seem to represent the biggest "ethnic" issue in Germany today. The ten item
scale showed a reliability of .75, with a mean of 31.84 (S.D. 10.86).
This mean compares with a scale midpoint of 40 (there being on this
occasion seven response-options per item) and shows therefore a clear overall tendency for
respondents to be at least verbally tolerant of Gastarbeiter. Two items showed means above
the item midpoint and eight showed means below. This scale did then again distribute the
respondents fairly well in the context of a very tolerant sample. The Directiveness scale
showed a reliability (alpha) of .74 and correlated .267 (p <.01) with the racism scale.
This means that German racists do show a tendency towards aggressive dominance.
Given the apparent cross-cultural differences so far revealed, it
seemed of interest to look at one more non-English-speaking sample. These were 95
Afrikaans-speaking white residents of the South African city of Bloemfontein. The sample
was gathered randomly door-to-door and fuller methodological details can be found in Ray
& Heaven (1984).
The scale of attitude to blacks used in Study I was translated into
Afrikaans and showed a reliability of .66. Its mean score was 22.44 (S.D. 3.86) with ten
items and three response-options per item. Seven items showed above-midpoint scores and
three below. This South African sample, then (rather unsurprisingly), tended not to like
blacks. The reliability (alpha) of the Mark III Directiveness scale was .67 and it
correlated -.086 (N.S.) with the racism scale.
Clearly, the present work has shown that, for all their
methodological failings, Grossarth-Maticek, Eysenck & Vetter were on to something.
Their findings for Germany were confirmed but it was also shown that the finding does not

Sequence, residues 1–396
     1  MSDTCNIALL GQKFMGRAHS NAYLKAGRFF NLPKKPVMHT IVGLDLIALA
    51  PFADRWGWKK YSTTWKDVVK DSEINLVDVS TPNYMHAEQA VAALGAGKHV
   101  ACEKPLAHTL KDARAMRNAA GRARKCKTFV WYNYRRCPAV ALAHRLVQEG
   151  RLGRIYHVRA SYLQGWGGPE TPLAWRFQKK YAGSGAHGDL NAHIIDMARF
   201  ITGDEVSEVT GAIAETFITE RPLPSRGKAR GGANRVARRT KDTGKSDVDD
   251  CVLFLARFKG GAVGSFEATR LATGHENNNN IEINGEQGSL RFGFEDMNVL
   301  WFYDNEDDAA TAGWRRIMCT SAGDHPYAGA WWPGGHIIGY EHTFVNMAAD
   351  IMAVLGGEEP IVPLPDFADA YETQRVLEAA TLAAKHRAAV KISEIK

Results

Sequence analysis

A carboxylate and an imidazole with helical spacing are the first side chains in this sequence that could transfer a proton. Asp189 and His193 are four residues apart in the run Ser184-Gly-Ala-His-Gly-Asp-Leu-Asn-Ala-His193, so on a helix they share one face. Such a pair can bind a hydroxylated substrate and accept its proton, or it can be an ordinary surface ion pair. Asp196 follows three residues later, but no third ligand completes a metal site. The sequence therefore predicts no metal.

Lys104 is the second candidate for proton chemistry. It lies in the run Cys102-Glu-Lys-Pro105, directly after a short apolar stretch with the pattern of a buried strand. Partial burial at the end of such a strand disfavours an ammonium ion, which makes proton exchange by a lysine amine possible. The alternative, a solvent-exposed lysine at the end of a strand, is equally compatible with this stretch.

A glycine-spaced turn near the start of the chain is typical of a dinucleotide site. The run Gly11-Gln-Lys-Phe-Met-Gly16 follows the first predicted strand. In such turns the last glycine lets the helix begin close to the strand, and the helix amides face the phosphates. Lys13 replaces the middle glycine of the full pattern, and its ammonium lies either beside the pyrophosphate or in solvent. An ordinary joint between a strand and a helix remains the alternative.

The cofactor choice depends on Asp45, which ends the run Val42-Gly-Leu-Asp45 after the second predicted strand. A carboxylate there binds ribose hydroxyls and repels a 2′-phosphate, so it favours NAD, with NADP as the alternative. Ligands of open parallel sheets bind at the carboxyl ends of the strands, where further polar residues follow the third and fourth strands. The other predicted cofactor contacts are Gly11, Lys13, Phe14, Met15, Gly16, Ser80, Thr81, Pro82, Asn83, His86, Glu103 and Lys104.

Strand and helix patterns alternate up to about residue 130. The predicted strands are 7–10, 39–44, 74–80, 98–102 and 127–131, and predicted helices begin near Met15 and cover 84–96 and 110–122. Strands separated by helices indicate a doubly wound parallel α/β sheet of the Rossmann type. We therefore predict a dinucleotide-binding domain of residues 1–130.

generalize beyond Germany. When it comes to racism, there would appear to be something
different about Germans. In Germany, coronary prone personalities and racism are linked.
To be a racially antagonistic person has some tendency to mean that you also have a
coronary-prone personality. All the correlations are, however, low so one could not go on
to claim that to be a racist also means that you will in fact be more likely to have
coronary problems. Many people with a coronary-prone personality do not get CHD and many
racists do not have a coronary-prone personality. Only more research could tell whether
racism and CHD are directly linked. That would seem a worthwhile line of enquiry for
Perhaps the most thought-provoking aspect of the present comparison,
however, is that the Directiveness scale was originally devised to provide a valid measure
of, not the coronary-prone personality, but rather the core element of a Nazi-type
orientation. It was, in other words, designed to measure an authoritarian personality.
Adorno et al (1950), of course, in their endeavour to explain (German) Nazism identified
authoritarianism as a prime cause of racism. So the present results both confirm and limit
the Adorno et al theory. It is a theory that is somewhat true for Germany but not for
elsewhere. It might be objected that these findings simply reflect an historical heritage
in Germany: That the association of an authoritarian ideology and racism in the Hitler era
has somehow contaminated the thinking of modern-day Germans too. The Directiveness scale,
however, does not measure authoritarian attitudes. It measures an authoritarian
personality or behaviour tendency and it has long been known that authoritarian attitudes
are not correlated with authoritarian personality or behaviour tendency (Titus, 1968; Ray,
1976). Any authoritarian attitudes, including attitudes surviving from the Hitler era,
would therefore seem irrelevant to the present findings.